This virtual ward in Leeds supports up to 40 patients per day and provides co-ordinated rapid care to people aged over 70 with moderate to severe frailty in their own homes.
Together, they have saved nearly 10,000 bed days since launching the pilot virtual ward in November 2019.
How does the virtual ward work?
The virtual ward is integrated into existing neighbourhood teams. Patients can be referred into the ward by GPs, the ambulance service, hospital teams, other specialist community services or from other parts of the neighbourhood team. Referrals are received through a single point of contact.
Community matrons assess people in their homes within two hours of being referred including undertaking blood analysis. The outcome of the assessment is discussed with the consultant geriatrician to ascertain if they are suitable for care at home on the virtual ward followed by a discussion with the patient and their carers.
Once on the virtual ward, patients are supported by daily interventions such as medication reviews, subcutaneous fluid administration, blood monitoring, clinical observations and review at the consultant led multidisciplinary team meeting.
How was the virtual ward set up?
A multi-organisational development group was established to set up the virtual ward. This bought together primary, secondary and community health colleagues as well as representatives from adult social care, mental health and the third sector. Together, the group developed our virtual ward model including, most critically, the need to have pharmacy and overnight support alongside the referral criteria.
How has the virtual ward benefited patients?
Patients and their carers told us they felt listened to, treated with dignity and respect, and they have improved trust and confidence in virtual ward professionals.
One person who experienced the virtual ward said: “I think that should be the standard care, who wants to go to hospital, when you can have the people [matrons] to help you at home and get better while sleeping in your own bed!”
Another person told us: “I was taking an awful lot of tablets, rattling around I was, but [the pharmacist] came and sorted that out so I am taking less now. They thoroughly explained things and things that I didn’t even know about my body”. The patient said the virtual ward team “turned things around for me, sorted out my tablets and got me back on my feet…everything about the team was a positive for me”.
Caring for people in their own homes has contributed to fewer hospital-acquired infections, falls and complications. For example, patients with delirium can find admission very distressing, so these patients are cared for much more successfully at home.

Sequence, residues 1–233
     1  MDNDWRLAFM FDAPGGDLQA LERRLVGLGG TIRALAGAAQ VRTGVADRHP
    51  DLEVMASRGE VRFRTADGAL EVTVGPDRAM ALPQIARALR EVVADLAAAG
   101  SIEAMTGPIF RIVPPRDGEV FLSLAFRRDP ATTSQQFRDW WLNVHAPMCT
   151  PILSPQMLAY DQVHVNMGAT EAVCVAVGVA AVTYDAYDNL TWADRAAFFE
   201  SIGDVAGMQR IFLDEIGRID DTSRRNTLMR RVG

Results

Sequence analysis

How have you found working on the virtual ward?
Staff said it’s been a positive experience. Their team meetings have enabled them to consider people’s care and are well attended by relevant professionals. They value multi-disciplinary working and the wards’ culture of learning and collaboration.
The team said:
I would say that improved working relationships, understanding and collaboration between Leeds Community Hospital and Leeds Teaching Hospital Trust has been one of the really positive things to come out of the virtual frailty ward. I have really enjoyed working with and getting to know the matrons
We are definitely and unquestionably keeping people out of hospital…I see this on a day to day basis and all of the patients on the virtual ward are reasonable hospital admissions so we have a whole ward’s worth of patients not in the hospital…how can that not be a good thing for the wider system
The virtual ward [frailty] has definitely enhanced the role of the matron and added a new element where we can put our clinical skills to best use…for me the virtual ward has been a really good learning opportunity and I really enjoy that element of the role
The virtual ward has supported patient flow and improved collaboration between acute, community and third sector services.
What would your top tips be?
- Establish your project support, management and formal evaluation team.
- Learn from what’s already out there, locally, regionally and nationally.
- Consider night care and pharmacy – this was critical to our model in terms of hospital avoidance and understanding the cause of some referrals.
- Speak to your workforce, always include them from the beginning. Make sure you include every relevant person in the process. Constantly be open to receiving feedback and make changes and adapt as you go.
Author: Angela Gregson, Clinical Development Lead, Frailty Virtual Ward, Leeds Community Healthcare NHS Trust